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Washington Too Big For Just One Medical School

WSU is already a bona fide world-class research organization with myriad excellent health science programs already in place. Given the outstanding technical capabilities of the local medical community, I think developing an independent WSU medical school is the next logical step and the right thing to do for our citizens. The benefits to the region are worth the efforts.


From the Walla Walla Union-Bulletin
July 18, 2014   VIEW WEB SITE >>

I am new to Eastern Washington, coming here last fall to take the job as medical director at St. Luke’s Rehabilitation Institute in Spokane. I have held a faculty appointment in the University of Washington School of Medicine for the past 20 years.

I am a huge fan of UW, truly a world-class institution and medical school. But I must say I am very impressed with the programs Washington State University has set up in Spokane.

WSU is already a bona fide world-class research organization with myriad excellent health science programs already in place. Given the outstanding technical capabilities of the local medical community, I think developing an independent WSU medical school is the next logical step and the right thing to do for our citizens. The benefits to the region are worth the efforts.

We are in a time of grave shortages of health care providers, particularly physicians. Nowhere is that more felt than in the rural communities of Eastern Washington.

The new national health care law poses even more pressure on an already overburdened health care system. It is estimated that at current graduation and training rates, the nation could face a shortage of as many as 150,000 doctors in the next 15 years, with the greatest demand being for primary-care physicians, according to data collected by the Association of American Medical Colleges.

Having a single medical school for a state the size of Washington makes no sense and can never meet the need.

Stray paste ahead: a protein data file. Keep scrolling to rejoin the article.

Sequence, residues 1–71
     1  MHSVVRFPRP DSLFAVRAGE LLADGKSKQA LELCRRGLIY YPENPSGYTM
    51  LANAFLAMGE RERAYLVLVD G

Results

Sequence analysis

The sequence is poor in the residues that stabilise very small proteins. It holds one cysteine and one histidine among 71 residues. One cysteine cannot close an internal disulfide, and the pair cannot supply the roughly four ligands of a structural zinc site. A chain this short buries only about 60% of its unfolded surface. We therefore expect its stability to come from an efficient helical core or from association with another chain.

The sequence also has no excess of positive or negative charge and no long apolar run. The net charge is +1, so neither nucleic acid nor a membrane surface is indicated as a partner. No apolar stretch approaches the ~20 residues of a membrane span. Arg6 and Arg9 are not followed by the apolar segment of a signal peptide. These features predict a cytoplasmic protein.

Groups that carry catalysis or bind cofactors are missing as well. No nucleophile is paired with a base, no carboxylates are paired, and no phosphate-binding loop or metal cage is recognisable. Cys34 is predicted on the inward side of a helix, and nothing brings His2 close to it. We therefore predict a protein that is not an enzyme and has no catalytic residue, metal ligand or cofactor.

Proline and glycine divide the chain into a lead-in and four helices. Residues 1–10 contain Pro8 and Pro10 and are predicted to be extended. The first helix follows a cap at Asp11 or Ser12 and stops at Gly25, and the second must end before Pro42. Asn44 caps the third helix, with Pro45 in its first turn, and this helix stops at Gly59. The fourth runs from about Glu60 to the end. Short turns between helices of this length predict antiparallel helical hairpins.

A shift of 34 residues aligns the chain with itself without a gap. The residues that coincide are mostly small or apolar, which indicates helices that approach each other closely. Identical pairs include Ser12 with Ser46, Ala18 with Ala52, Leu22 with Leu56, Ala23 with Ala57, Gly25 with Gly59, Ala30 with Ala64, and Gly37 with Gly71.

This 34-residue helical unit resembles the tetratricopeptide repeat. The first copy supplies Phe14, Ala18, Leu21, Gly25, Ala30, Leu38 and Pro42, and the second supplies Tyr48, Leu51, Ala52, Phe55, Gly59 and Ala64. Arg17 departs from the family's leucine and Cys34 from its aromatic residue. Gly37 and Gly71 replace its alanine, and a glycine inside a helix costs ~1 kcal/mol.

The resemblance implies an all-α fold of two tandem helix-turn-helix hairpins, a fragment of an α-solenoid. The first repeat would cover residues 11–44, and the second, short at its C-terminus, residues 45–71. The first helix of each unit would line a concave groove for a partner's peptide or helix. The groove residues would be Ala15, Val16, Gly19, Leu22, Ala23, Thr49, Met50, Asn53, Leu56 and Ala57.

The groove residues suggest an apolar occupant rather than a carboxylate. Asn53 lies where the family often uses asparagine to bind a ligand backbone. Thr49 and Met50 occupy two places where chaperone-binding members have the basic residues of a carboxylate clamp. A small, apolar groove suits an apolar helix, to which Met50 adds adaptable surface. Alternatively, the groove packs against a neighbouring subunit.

In my humble opinion, the time for a WSU School of Medicine to happen is now. In fact, it probably should have happened 10 years ago.

Open a WSU School of Medicine and you will have thousands of applicants. Already, hundreds of students each year have to leave Washington to attend medical school in another state or country.

Those students are more likely to practice medicine where they go to medical school and where they receive their graduate medical education. With a new school in Washington, WSU medical students would serve in hospitals and clinics around the region.

Another huge advantage is that having an independent WSU School of Medicine will help further attract more federal dollars to fund research. That would add to an already impressive core of federally funded research existing at the WSU health sciences campus. The next step beyond that is expanding current and developing new local residency programs for WSU students as they graduate.

This is not about UW versus WSU or any such rivalry. This is about doing what is best for Washington residents and the greater Pacific Northwest. I am voicing these opinions not only as a physician but also as an aging adult wondering who will be around to take care of my health care needs as I grow older.

All of this is eminently doable. It needs to be done and the time to act is now. Political and academic agendas should not stand in the way of protecting the future of health care for the citizens of Eastern Washington.

Dr. Gregory T. Carter is medical director at St. Luke’s Rehabilitation Institute in Spokane.

 

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